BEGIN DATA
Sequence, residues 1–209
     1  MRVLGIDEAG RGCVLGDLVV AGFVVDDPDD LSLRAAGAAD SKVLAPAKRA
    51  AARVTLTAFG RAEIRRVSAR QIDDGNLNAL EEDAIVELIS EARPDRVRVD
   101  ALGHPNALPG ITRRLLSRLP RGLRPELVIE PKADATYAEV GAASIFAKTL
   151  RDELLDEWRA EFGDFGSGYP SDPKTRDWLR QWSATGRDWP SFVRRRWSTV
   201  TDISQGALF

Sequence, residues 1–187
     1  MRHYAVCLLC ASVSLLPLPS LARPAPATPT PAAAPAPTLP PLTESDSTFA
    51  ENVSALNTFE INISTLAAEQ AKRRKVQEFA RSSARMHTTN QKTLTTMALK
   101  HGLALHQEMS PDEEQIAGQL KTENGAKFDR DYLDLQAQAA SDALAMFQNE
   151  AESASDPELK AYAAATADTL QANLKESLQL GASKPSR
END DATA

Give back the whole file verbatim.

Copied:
Sequence, residues 1–209
     1  MRVLGIDEAG RGCVLGDLVV AGFVVDDPDD LSLRAAGAAD SKVLAPAKRA
    51  AARVTLTAFG RAEIRRVSAR QIDDGNLNAL EEDAIVELIS EARPDRVRVD
   101  ALGHPNALPG ITRRLLSRLP RGLRPELVIE PKADATYAEV GAASIFAKTL
   151  RDELLDEWRA EFGDFGSGYP SDPKTRDWLR QWSATGRDWP SFVRRRWSTV
   201  TDISQGALF

Sequence, residues 1–187
     1  MRHYAVCLLC ASVSLLPLPS LARPAPATPT PAAAPAPTLP PLTESDSTFA
    51  ENVSALNTFE INISTLAAEQ AKRRKVQEFA RSSARMHTTN QKTLTTMALK
   101  HGLALHQEMS PDEEQIAGQL KTENGAKFDR DYLDLQAQAA SDALAMFQNE
   151  AESASDPELK AYAAATADTL QANLKESLQL GASKPSR